A newly resurfaced November 2015 memo from a senior Democratic Congressional Campaign Committee (DCCC) official calls the Black Lives Matter Movement "radical," and offers Democratic House candidates suggestions for how to handle activists who attempt to approach their campaigns.
The secretive document, first leaked in 2016 by the hacker "Guccifer 2.0," was characterized as insensitive and condescending at the time. Now, as Democrats are confronted with a newly resurgent Black Lives Matter (BLM) movement that has led politicians to kneel in kente cloths and changed free speech norms across the country, the memo threatens to undermine their stated commitment to reform following the in-custody death of George Floyd.
"This document should not be emailed or handed to anyone outside of the building," the memo from Troy Perry, a top DCCC official, begins. "Please only give campaign staff these best practices in meetings or over the phone."
Perry, who is black, goes on to characterize Black Lives Matter as a "radical movement to end 'anti-black racism.'"
He notes that Black Lives Matter activists don't want their movement "co-opted by the Democratic Party."
Black Lives Matter advocates for a "collective ownership" economic model, reparations and the "immediate release" of everyone convicted of a drug offense, in addition to defunding police forces and other left-wing agenda items.
If approached by Black Lives Matter activists, Perry advises in the memo that House candidates offer to meet with them -- but that they shouldn't "offer support for concrete policy positions."
Under no circumstances, Perry says, should Democrats "say 'all lives matter' nor mention 'black-on-black crime.'"
"These are all viewed as red herring attacks," the document reads. "This response will garner additional media scrutiny and only anger BLM activists. This is the worst response."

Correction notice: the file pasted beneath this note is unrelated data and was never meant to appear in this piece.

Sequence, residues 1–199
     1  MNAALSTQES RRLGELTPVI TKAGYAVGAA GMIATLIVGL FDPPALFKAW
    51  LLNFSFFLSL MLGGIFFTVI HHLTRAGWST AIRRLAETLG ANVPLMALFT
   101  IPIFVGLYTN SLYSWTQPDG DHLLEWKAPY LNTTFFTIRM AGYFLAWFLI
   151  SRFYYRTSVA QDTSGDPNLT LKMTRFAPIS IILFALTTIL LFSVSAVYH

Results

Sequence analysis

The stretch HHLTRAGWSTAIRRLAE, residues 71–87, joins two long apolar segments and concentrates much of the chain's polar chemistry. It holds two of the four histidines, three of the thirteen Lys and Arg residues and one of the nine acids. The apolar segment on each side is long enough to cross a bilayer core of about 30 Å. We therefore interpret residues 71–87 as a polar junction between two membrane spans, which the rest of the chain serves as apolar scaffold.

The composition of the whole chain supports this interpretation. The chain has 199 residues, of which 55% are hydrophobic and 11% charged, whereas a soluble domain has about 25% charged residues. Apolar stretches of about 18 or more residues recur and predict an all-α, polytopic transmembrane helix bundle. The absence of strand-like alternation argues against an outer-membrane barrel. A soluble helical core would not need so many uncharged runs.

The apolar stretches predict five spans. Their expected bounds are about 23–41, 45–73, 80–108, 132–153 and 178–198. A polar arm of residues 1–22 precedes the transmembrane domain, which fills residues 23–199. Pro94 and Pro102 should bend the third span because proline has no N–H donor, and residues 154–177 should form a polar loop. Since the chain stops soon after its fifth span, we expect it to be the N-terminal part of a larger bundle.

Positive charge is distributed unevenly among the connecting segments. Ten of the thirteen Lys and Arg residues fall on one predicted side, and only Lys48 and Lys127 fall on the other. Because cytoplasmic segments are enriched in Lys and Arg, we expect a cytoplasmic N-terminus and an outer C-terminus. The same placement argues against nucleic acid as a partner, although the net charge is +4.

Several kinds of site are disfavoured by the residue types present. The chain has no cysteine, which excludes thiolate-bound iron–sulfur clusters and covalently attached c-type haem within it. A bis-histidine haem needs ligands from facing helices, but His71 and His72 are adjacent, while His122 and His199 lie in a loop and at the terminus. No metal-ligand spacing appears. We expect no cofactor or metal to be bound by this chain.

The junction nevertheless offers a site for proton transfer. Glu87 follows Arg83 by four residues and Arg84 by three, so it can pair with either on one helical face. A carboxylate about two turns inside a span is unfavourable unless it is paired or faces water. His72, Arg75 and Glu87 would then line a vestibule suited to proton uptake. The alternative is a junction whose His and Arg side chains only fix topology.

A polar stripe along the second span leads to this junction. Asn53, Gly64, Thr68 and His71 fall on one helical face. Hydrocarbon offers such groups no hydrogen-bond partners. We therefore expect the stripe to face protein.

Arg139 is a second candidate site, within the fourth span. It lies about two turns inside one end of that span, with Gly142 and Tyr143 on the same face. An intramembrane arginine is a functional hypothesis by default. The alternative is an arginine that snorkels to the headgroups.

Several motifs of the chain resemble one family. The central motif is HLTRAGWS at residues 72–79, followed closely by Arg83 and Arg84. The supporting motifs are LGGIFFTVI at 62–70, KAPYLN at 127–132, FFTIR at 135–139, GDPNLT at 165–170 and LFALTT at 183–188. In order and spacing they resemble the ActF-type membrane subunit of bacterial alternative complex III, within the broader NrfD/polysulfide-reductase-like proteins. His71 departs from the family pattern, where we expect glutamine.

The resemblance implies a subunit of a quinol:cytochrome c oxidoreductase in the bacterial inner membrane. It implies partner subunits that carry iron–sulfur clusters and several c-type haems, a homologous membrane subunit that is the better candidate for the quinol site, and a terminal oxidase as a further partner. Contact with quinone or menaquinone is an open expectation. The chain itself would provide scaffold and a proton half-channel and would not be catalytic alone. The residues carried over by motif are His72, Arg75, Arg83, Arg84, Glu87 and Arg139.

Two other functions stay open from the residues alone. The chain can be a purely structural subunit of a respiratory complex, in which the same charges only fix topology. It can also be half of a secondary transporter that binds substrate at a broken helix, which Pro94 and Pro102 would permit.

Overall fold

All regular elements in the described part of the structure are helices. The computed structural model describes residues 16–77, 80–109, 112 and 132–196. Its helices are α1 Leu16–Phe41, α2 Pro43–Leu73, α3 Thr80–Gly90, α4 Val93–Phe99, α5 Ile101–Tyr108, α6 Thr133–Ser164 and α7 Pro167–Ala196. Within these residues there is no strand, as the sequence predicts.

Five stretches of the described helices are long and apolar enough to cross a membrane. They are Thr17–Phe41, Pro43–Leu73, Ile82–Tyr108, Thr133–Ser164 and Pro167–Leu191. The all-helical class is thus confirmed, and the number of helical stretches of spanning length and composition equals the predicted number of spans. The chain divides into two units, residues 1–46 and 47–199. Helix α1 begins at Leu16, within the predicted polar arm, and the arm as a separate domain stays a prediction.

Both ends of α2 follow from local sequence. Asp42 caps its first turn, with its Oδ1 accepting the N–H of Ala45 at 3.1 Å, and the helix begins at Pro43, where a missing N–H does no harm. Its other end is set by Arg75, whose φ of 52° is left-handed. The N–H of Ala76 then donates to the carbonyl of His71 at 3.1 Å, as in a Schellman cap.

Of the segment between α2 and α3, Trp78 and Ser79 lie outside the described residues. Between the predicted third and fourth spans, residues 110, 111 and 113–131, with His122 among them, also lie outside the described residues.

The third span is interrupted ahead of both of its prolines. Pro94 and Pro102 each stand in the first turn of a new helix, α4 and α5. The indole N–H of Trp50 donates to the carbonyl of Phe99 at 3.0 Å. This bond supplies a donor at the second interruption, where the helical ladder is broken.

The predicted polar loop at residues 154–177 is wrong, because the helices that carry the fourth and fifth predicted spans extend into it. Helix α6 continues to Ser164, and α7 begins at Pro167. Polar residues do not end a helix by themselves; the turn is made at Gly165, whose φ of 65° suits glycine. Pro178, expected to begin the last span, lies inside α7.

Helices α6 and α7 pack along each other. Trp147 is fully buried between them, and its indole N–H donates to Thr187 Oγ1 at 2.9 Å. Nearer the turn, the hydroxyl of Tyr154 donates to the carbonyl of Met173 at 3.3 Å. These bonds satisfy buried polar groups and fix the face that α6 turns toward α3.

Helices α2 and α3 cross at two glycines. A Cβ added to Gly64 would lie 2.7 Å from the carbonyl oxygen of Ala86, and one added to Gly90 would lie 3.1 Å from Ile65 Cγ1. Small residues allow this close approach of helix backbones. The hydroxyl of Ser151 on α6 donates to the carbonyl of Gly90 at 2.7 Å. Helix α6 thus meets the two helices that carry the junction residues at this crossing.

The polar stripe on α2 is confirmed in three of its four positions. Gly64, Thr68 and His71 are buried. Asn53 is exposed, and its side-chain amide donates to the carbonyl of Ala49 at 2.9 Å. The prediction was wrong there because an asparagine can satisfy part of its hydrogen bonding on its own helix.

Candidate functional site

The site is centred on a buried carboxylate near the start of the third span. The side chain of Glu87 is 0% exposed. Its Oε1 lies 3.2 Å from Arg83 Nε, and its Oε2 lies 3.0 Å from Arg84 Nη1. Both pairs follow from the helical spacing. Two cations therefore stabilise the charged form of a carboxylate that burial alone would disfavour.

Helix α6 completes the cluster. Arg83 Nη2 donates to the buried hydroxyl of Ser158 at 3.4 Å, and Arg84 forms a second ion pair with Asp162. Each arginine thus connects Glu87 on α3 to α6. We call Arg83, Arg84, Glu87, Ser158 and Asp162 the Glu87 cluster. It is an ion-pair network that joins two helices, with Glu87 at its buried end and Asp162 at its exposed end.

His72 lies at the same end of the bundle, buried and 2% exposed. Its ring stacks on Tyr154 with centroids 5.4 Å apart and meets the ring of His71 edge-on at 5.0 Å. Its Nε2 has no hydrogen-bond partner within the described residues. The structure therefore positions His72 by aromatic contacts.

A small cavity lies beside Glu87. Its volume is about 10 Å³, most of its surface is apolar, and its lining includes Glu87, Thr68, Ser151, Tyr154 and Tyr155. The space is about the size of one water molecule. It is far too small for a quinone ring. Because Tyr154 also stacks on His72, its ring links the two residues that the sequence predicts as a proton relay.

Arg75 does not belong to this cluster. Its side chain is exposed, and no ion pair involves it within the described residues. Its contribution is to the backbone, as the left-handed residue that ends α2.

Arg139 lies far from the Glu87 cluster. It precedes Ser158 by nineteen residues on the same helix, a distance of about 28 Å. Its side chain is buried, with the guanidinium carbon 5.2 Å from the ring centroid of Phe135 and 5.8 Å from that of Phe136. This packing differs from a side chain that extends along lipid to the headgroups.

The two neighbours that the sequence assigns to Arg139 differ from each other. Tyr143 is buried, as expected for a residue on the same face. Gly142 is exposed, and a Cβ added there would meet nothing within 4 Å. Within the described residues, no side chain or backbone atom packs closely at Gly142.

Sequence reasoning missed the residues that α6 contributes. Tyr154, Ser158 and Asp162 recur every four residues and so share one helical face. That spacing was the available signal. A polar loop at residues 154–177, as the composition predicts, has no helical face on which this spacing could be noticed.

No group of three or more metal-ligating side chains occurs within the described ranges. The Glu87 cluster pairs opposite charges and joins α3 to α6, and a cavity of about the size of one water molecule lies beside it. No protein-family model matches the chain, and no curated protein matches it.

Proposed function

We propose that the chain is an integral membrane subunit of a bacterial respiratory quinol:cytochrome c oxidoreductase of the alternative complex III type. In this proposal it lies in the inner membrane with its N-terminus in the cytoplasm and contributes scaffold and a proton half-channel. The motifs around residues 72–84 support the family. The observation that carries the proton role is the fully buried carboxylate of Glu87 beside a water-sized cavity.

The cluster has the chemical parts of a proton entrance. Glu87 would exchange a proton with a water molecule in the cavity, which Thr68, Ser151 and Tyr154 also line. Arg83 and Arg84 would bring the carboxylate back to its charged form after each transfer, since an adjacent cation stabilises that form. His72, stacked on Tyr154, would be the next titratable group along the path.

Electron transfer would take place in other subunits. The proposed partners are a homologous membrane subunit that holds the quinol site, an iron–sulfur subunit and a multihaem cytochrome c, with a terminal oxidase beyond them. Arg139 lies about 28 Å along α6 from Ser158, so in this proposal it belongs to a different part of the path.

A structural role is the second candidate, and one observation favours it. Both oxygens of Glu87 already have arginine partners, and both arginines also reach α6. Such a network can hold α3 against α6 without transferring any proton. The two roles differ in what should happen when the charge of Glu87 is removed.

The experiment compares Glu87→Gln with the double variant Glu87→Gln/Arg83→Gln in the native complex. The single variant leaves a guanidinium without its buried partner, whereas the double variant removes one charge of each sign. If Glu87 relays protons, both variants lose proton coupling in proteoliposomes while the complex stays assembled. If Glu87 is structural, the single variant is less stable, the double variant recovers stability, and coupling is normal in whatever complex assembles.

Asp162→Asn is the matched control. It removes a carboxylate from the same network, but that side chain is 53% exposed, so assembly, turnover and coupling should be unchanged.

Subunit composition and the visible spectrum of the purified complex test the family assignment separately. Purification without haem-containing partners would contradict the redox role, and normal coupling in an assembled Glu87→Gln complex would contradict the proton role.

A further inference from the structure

Perry, now a political consultant, and the DCCC did not respond to Fox News' request for comment Thursday.
Reaction to the memo was scathing. Deray Mckesson, a prominent Black Lives Matter spokesperson, wrote in 2016: "The DNCC memo re: the movement highlights a serious lack of attention to issues related to black people. Has their view changed since 2015?"
Some concrete reforms, contrary to the 2015 memo, are apparently on the way. After kneeling for several minutes, top Democrats on Monday introduced a sweeping criminal justice reform bill, which includes a limitation on police officers' qualified immunity to certain forms of lawsuits for misconduct on the job.
Critics say qualified immunity, a judge-made doctrine, is necessary to protect police from complaints that would punish officers for reasonably executing their duties in stressful situations, or complaints intended to harass officers. Democrats charge, however, that qualified immunity is a shield for bad behavior and has enabled a culture of misconduct.
The “Justice in Policing Act of 2020” would also establish a registry of police misconduct, and would specifically allow officers to be punished for violating constitutional rights "knowingly or with reckless disregard.” The federal standard currently permits officers to be prosecuted only for “willfully" violating constitutional rights -- a significantly higher standard of proof.
Further, the federal standard for use of force would change from “reasonableness” to situations where it is “necessary to prevent death or serious bodily injury.”
The White House has also announced its own planned police reforms in the past week.
The changes come amid a tense national conversation on race and police. In extraordinary cases just this week, an LA Galaxy soccer player was fired because of his wife's posts on Black Lives Matter; a UCLA lecturer was suspended for pointedly refusing to cancel his exam for black students; and a Cornell Law School faculty member was threatened with termination for criticizing the group. (Cornell's dean later issued a defense of academic freedom while condemning the faculty member's remarks.)
Meanwhile, University of Michigan professor Justin Wolfers and dozens of other academics are leading a massive effort to have a senior faculty member at the University of Chicago removed from his position at the world's preeminent economics journal -- all because he criticized Black Lives Matter's push to defund police departments.